A report released by Credit Suisse on Monday estimates that the change in bankruptcy law would reduce foreclosures by 20 percent.
“Everyday that goes by, thousands of people are losing their homes,” said Kathleen Day, a spokeswoman for the Center for Responsible Lending. “We’ve waited long enough.”
Last week, House Speaker Nancy Pelosi (D-Calif.) said the bankruptcy change falls “very high” on her to-do list this year.
“Enacting bankruptcy legislation is a very high priority, and we will have it either free standing or in some piece of legislation that will become law soon,” Pelosi told reporters at the Capitol Thursday. “The more time that goes by, more people lose the opportunity to stay in their homes. It is urgent.”
House Judiciary Committee Chairman John Conyers (D-Mich.), who held a hearing on cramdown legislation last week, has scheduled another meeting Tuesday to move the bill through the committee.
Democrats found some unexpected support earlier this month when Citigroup, which has accepted billions in bailout funding from Washington in recent months, bucked most others in the industry and endorsed the cramdown proposal.
Still, the larger finance industry has been a fierce opponent of the bankruptcy change, arguing that forced mortgage renegotiations for troubled loans would lead to interest rate hikes for everyone.
John Jackson, president and CEO of Lending Cycle, a Kentucky-based lending software company, said the change would “put the banking system in a situation that’s not viable.”
“This creates a whole new burden which just exacerbates the problem,” said Jackson, the former executive vice president at First Bank in Louisville. “It removes the profitability of that loan for banks.”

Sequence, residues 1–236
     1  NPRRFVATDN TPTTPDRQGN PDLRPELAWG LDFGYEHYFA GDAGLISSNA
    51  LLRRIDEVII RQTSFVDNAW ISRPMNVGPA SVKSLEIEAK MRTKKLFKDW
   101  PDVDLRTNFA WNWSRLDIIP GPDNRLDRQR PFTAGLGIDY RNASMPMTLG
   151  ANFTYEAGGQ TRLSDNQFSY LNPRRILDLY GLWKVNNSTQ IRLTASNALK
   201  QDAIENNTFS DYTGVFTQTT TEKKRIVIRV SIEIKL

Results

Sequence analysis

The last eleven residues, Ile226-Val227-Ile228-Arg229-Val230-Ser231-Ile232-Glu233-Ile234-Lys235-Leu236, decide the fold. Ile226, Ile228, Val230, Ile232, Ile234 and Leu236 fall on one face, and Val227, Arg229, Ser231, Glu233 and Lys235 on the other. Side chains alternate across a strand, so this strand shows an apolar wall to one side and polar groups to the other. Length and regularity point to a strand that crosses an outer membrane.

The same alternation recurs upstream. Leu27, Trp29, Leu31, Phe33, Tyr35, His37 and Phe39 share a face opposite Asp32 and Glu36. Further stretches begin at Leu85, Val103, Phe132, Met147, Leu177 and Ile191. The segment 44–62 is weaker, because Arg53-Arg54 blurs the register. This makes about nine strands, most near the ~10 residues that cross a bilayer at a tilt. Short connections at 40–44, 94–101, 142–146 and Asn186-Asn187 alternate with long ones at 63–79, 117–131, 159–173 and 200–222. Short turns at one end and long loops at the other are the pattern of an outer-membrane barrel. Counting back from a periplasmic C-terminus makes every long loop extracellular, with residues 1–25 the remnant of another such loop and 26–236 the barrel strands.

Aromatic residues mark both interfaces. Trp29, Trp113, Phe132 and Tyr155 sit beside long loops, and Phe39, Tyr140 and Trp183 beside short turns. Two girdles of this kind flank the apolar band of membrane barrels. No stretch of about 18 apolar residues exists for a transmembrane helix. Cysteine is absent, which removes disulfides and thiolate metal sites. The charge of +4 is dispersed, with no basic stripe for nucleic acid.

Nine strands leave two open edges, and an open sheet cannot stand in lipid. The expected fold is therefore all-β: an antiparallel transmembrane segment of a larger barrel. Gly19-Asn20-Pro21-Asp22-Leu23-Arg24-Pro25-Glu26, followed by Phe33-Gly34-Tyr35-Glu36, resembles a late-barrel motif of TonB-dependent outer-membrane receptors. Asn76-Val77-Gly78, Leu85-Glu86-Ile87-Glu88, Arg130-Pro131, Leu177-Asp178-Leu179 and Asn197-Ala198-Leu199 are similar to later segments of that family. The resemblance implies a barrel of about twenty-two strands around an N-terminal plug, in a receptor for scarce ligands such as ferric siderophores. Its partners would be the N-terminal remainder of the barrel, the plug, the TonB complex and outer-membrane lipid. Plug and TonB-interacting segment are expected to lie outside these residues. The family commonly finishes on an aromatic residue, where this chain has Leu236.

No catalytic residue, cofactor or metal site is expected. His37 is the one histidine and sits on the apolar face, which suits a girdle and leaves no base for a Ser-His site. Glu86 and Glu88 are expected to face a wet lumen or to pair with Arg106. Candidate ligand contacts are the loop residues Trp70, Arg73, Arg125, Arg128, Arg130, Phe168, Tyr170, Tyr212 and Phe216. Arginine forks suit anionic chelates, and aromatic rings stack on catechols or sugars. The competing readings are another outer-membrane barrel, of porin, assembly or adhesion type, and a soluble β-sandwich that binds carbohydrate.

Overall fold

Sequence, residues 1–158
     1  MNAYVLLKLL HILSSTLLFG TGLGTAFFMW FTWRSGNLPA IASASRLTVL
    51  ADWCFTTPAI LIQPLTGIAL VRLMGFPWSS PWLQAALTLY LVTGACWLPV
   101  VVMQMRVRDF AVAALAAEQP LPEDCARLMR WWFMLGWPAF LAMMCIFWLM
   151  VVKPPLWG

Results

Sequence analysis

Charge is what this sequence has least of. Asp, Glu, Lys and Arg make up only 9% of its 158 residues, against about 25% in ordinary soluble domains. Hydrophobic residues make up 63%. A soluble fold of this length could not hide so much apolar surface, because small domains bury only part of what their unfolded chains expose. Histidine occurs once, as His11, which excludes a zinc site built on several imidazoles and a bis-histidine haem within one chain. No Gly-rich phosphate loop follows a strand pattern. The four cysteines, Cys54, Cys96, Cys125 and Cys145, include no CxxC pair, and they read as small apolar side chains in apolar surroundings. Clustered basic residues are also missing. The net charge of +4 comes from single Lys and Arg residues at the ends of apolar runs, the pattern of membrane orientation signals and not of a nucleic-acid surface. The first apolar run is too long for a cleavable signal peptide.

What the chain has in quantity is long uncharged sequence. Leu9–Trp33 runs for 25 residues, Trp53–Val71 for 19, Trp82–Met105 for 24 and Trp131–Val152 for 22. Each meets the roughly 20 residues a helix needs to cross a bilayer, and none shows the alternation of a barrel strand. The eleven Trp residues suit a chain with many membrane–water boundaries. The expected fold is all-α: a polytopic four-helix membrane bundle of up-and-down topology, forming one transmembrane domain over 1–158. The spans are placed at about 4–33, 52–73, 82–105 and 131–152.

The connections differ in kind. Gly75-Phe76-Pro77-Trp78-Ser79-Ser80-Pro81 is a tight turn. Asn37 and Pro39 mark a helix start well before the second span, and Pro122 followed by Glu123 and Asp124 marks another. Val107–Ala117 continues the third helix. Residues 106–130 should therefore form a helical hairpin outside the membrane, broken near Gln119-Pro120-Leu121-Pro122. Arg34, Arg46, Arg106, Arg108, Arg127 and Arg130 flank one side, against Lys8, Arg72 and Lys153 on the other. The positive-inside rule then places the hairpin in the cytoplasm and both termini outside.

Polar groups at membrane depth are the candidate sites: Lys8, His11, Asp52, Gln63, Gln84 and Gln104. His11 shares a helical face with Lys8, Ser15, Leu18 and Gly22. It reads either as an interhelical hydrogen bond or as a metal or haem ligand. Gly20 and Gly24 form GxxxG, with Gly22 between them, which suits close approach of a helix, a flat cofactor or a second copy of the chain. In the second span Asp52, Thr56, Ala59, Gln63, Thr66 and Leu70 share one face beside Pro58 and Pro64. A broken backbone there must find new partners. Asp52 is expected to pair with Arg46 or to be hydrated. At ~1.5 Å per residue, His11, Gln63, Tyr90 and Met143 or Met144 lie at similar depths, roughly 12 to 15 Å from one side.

But housing advocates and many Democrats dispute that claim. David Berenbaum, executive vice president of the National Community Reinvestment Coalition, called the industry argument “a smokescreen,” pointing out that, for the past eight years, bankruptcy judges have been appointed by the industry-friendly Bush administration.
“There is actually no reason to believe that that a judge will just blindly side with a homeowner,” Berenbaum said.
Berenbaum also warned that bankruptcy reforms alone would not solve the problem. Without additional changes prohibiting the predatory lending practices that contributed to the crisis, he said, there’s nothing preventing it from recurring.
“Unless we address the underlying issue that got us into this economy,” Berenbaum said, “this could all happen once again.”
It’s not the first time the debate has surfaced. The House passed anti-predatory lending legislation in November 2007, but it was never taken up in the Senate. That bill takes steps to ensure that borrowers can afford loans before they take them out. It also bans the financial incentives that led many lenders to steer consumers to sub-prime and other more costly loans.
Heather Wong, spokeswoman for House Financial Services Chairman Barney Frank (D-Mass.), said the House intends to consider similar anti-predatory lending legislation again this year.